Not too bad, unless you are 22, have NO idea what you are doing, and have to get this kid across a community-college size campus right after his gentleman “recreation” time. None of those things were in my favor.


Never-the-less, I noticed that he no longer needed the full AMD. It was time to move towards a less restricted cane.


So, I suggested an L-bar for him.


His teacher adamantly disagreed.


In this week’s vlog post, I share exactly how I navigated the situation and how I approach collaborations with other teachers.



If you like this information, you will definitely want to check out the O&M for Students with Multiple Disabilities Study Group. 

The good news is... STUDY GROUP REGISTRATION IS CURRENTLY OPEN! (As of August 20, 2018).

In case you are wondering, Study Group Registration will be open until we have 30 people in each group. I fully expect them to fill up before registration closes in September.


How to Get the Most Out of Your Planning Sessions

All too often, I see O&M teachers who once had a zest for their job get caught up in the “Not enough” story that we can start to tell ourselves. Not enough time. Not enough money. Not enough resources.


Where we once felt an abundance of life-giving energy, we now see it all as a sea of hardened concrete.


I know some people who don’t even attend conferences any more because they tell themselves that there is nothing more to learn. They don’t have enough time to implement their new ideas, so they don’t even bother.


Check out this video where I explained where most O&Mers get stuck and how to get out of the O&M rut.


My challenge to you today is to flip that switch. What if what we have IS enough. What if we can make miracles happen with what we do have?


For years, my planning periods were split into two 15 minute sessions in any given day. Now, I’m not paid for any planning time. It is all on me.


This is how I make the most of my planning periods, and how you can too:

  1. Brain Dump. At the beginning of every week, do a brain dump. Write down everything you have to do for the foreseeable future. Make this one list. One life, one list. Write down all of your upcoming IEP meetings, your client needs, your child’s dentist appointment, your taxes.. Everything. Break them down in to 10 minute tasks if you can. For example, 1. Gather tactile map supplies. 2. Tactile map layout. 3. Glue tactile map. Do this part with pen and paper if you can. If not, just a note in your phone will be fine.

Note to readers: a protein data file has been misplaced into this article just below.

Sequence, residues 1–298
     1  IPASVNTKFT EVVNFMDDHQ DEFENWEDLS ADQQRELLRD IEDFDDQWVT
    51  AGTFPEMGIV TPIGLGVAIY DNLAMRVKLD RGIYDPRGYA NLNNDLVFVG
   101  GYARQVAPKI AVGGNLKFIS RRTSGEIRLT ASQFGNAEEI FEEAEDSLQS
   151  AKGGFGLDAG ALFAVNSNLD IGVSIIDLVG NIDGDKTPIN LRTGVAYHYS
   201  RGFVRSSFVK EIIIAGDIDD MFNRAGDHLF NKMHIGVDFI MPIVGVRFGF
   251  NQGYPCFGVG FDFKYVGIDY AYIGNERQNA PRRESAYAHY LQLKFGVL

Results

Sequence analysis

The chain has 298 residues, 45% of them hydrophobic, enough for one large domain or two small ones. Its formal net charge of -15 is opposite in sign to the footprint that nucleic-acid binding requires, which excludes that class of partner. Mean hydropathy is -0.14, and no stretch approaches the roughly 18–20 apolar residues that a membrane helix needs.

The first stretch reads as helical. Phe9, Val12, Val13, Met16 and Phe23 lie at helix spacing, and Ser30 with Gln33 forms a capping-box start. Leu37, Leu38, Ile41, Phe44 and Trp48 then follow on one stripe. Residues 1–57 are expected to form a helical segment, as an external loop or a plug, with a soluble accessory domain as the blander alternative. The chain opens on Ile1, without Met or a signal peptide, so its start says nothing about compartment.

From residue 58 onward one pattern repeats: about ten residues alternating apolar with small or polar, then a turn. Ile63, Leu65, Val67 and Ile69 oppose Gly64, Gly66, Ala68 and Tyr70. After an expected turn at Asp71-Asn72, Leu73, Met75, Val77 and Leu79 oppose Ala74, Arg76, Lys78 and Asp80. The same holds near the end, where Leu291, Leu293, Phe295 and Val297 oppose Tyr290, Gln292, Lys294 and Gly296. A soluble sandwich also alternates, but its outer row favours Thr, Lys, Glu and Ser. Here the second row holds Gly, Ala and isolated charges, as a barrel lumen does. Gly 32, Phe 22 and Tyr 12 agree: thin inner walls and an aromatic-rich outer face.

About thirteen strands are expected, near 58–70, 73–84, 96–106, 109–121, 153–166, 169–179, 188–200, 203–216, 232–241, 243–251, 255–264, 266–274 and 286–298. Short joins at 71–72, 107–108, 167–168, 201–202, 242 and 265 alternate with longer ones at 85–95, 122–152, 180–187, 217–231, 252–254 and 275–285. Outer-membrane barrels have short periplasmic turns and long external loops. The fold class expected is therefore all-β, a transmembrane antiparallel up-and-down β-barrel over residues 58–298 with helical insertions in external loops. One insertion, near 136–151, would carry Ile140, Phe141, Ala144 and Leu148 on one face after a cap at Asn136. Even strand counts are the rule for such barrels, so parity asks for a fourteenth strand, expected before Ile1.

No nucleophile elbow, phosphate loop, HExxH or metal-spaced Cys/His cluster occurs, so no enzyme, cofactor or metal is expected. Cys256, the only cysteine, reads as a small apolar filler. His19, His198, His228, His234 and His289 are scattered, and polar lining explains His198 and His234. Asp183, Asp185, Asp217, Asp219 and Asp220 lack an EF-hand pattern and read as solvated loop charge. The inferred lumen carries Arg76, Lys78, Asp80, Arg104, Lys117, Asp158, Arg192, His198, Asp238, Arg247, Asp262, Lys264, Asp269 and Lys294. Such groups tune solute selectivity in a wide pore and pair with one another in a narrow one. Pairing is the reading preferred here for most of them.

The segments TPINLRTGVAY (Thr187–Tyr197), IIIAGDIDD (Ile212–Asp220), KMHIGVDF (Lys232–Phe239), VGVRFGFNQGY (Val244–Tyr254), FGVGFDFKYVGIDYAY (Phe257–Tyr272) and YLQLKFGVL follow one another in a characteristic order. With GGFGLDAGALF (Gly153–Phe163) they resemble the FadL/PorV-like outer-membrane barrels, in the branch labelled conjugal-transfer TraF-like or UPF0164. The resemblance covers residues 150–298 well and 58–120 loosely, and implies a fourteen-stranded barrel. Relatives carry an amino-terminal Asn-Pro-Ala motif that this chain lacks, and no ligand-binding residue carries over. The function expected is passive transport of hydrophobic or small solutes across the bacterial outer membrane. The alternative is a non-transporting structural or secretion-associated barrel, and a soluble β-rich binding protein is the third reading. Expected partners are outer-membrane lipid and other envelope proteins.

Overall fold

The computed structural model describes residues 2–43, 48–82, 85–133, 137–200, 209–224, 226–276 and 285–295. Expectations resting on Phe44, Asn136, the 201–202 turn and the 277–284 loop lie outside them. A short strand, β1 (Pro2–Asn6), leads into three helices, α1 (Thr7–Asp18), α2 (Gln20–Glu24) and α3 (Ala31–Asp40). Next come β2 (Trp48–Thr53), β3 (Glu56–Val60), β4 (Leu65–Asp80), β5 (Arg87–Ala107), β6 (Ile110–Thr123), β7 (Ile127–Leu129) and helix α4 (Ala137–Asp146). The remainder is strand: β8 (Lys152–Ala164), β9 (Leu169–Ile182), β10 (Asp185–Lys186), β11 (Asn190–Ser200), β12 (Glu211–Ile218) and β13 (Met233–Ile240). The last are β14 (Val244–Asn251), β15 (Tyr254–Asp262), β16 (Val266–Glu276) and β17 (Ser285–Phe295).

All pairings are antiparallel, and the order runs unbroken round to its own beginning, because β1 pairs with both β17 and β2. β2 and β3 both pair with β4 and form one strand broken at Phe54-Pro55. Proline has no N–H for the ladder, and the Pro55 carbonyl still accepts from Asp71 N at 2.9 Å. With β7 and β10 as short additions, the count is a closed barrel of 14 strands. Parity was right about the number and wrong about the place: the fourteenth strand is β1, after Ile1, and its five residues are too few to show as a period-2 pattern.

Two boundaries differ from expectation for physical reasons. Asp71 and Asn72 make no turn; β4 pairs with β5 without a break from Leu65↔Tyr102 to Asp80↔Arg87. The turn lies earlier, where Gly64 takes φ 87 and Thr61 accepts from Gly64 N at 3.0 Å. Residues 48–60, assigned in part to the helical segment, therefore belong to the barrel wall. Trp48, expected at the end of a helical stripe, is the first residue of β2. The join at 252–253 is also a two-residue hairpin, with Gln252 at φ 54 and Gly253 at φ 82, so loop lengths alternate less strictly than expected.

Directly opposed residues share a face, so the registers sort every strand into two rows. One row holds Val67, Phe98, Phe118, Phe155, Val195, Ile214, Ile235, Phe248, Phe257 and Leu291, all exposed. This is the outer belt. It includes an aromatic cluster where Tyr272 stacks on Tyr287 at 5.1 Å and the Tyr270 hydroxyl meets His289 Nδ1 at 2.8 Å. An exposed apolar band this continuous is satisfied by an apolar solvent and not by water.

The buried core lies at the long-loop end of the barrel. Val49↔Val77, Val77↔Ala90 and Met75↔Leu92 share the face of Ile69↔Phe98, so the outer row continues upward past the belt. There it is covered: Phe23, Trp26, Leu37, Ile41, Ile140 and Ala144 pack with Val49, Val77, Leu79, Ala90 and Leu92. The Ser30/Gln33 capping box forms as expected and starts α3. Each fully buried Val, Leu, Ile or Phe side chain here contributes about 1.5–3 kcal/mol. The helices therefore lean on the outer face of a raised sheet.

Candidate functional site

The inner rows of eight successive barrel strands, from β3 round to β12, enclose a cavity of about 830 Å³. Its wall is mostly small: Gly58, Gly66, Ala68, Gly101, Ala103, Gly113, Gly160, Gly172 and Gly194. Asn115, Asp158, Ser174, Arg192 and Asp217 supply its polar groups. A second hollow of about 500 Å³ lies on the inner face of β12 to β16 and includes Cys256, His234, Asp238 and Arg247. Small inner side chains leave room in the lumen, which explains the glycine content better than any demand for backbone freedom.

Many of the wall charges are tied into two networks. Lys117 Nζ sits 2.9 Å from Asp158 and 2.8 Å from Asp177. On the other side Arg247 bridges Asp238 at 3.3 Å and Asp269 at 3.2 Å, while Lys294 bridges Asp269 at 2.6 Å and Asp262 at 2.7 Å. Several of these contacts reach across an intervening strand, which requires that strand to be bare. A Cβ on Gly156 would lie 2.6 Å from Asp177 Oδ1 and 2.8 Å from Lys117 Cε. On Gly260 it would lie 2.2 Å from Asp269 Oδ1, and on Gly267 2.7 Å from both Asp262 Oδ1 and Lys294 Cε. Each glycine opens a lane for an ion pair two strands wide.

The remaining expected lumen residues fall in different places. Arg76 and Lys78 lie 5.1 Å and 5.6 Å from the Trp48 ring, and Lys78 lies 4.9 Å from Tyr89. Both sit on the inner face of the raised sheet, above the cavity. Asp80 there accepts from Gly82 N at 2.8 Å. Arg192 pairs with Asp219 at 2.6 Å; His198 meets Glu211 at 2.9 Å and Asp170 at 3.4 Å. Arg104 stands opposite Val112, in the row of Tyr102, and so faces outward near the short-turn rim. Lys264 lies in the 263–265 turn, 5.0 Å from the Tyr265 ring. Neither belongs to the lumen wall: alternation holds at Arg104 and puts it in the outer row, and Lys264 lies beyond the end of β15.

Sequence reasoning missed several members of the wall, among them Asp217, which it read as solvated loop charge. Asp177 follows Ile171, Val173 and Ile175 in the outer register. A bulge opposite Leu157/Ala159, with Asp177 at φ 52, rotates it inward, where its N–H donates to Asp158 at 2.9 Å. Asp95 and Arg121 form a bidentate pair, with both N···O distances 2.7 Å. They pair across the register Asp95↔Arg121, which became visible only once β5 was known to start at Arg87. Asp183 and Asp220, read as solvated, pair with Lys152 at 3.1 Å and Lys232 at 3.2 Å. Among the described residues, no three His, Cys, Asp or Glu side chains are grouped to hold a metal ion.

2. If you want to take an extra step here, you can separate them in either:

    1. TODAY, UPCOMING, and LATER; or

    2. I. Important and Urgent, II. Urgent, but not Important, III. Important, but not Urgent, IV. Not Important and Not Urgent (from 7 Habits of Highly Effective People)

  3. Choose 3 things to get accomplished this week. ONLY 3. Choose the most urgent and important at first, then move on to the upcoming or important but not urgent items.

  4. Every day, start at least one item on your list. Aim to accomplish it.


By being prepared for your planning sessions, you will cut out a lot of wasted time trying to figure out what to do with your planning session.


Then, you can start to see your way out of the O&M Rut, and be able to fit in time for other things.


Like data.


Just kidding. Like study groups, obviously. If you are ready to leave that O&M Rut behind and use your newly acquired time to help your students become better travelers, you are more than welcome to join the O&M Study Groups this fall.


In the study groups, we will meet 4 times over the course of the semester in live, interactive webinars. Each webinar topic will give you specific strategies to use with your students.


There are two study groups to choose from. Head over to the website to see if you would prefer to join the MIVI study group or the technology study group!


Registration for the study groups opens next week! 

Collaborating with Your Students' Team Members

I had a student who was 13, multiple impairments, no verbal communication, and using an AMD. 

Every lesson, he would hit, bite, and scratch me all the way from his classroom to his dorm. 

None-the-less, he was ready to move away from the traditional Connecticut AMD to a less restrictive device. I wanted to move him to an L-bar, but his teacher adamantly disagreed. 

Here are a few ideas of how to handle this type of situation WHEN it happens.